A contemporary cabin that offers the basic pleasures of a home with deep connections to nature and a light environmental impact

The Bowen Island House is a calm, year-round retreat for a couple with young children seeking refuge from their busy professional lives. Nestled along the dramatic north shore of Bowen Island in BC (Canada), this contemporary cabin in the woods by office of mcfarlane biggar architects + designers offers the basic pleasures of a contemporary home with deep connections to nature and a light environmental impact.

The rugged 8-acre site sits secluded along the northern coast of the island, marked by lush temperate rain forest and the rich undergrowth of fern, salal, and lichen-covered outcrops. The procession from city to site is one of gradual unwinding; first the short ferry sailing to the island harbour, then passing through dense evergreen forest, descending through the steep topography, then arriving at a natural meadow where filtered views and sounds of the sea reveal the stunning beauty of Howe Sound.

Despite this breathtaking beauty, this landscape is increasingly vulnerable to development. Over-scaled homes have become commonplace, dominating the context, spoiling one’s experience of the landscape. This cabin is an important, positive alternative to the prevailing trends. The house sits tightly between the intimate flora and the ever-changing presence of ocean, mountains, and sky.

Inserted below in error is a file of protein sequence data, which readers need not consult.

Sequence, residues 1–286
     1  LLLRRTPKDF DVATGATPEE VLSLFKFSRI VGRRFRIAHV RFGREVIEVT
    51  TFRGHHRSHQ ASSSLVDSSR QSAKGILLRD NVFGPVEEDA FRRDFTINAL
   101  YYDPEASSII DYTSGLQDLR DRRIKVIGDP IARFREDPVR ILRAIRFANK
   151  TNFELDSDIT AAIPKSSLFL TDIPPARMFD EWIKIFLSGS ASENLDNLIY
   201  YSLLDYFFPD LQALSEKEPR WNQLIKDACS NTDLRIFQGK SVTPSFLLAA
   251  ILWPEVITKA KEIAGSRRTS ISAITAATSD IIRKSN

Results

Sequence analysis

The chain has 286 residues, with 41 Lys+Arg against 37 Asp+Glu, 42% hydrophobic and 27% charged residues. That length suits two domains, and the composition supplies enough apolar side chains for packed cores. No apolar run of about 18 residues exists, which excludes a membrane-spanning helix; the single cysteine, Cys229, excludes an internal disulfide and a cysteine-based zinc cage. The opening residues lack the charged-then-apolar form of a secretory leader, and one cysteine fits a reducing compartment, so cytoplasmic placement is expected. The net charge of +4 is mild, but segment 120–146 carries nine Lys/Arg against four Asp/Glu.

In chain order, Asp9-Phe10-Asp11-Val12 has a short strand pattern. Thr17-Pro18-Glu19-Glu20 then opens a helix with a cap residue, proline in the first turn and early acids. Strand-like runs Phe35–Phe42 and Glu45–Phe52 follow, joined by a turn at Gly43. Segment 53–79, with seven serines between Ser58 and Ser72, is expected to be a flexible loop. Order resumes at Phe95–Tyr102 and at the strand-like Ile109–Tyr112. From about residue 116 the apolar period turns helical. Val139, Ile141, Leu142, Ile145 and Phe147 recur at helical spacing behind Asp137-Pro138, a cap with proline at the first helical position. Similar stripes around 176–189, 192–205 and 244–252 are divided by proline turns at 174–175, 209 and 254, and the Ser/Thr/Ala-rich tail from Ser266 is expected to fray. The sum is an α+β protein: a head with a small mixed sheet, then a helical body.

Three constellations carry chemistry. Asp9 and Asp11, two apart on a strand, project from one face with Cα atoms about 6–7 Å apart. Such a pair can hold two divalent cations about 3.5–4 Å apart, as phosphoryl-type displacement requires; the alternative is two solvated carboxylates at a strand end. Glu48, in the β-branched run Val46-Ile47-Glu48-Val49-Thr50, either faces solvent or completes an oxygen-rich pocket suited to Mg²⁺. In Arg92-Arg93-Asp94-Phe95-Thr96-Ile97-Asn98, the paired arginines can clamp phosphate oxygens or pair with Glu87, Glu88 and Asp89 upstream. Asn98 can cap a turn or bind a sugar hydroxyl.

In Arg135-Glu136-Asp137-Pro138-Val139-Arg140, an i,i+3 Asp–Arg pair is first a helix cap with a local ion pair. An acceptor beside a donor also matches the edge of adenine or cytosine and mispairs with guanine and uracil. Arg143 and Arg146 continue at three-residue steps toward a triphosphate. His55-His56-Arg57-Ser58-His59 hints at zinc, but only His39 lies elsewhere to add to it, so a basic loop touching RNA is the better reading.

The simple two-level volume clad in local cedar and insulated glass houses three bedrooms, two full bathrooms, and the open-plan kitchen, dining and living area. Siting the house perpendicular to the rocky coastline helps diminish its presence, while capturing the rare sun from east and west to offset the diffuse northern light and the shadows created by the 30m cliff to the south. The remote site prioritized design solutions focused on formal economy and simple details, ensuring construction had minimal disruption to the landscape. Able to function entirely off the grid and with independent sources for heat and electricity, the modest scale of the house further minimizes its environmental footprint.

Humble materials and simple modern vernacular form create powerful relationships between the built form and nature. Cast-in-place concrete walls mediate between the mossy ground and the wood-framed elements above. Black stained cedar cladding visually recedes into the forest. The green roof re-instates the absorptive qualities of the forest floor below the modest footprint, while glazed roof lanterns capture additional daylight and sun. Local hemlock floors and ceilings create warm interior spaces; expansive decks seamlessly integrate interior and exterior experience.

The succinct spatial sequence through the house orchestrates a path from the forest floor to floating above the rugged shore. Connecting the architecture and nature, windows offer intimate views differing distinctively from the expansive views of the ocean; minimal frames help dematerialize the building skin while maximizing views and daylight. The children’s bedrooms and kitchen enjoy framed views of the rocky cove to the west, while the narrow stairwell glazing suppresses the horizon, redefining the dominant ocean view. Near-field sights of rock and lichen at the lower-level master suite create a more intimate experience of the site’s natural state. Holistically integrated throughout, the simple tectonic language and spatial clarity resonate with the surrounding coastal landscape, creating memorable architecture deeply rooted to its place.

Design and info © office of mcfarlane biggar architects + designers

Images © Ema Peter Photography

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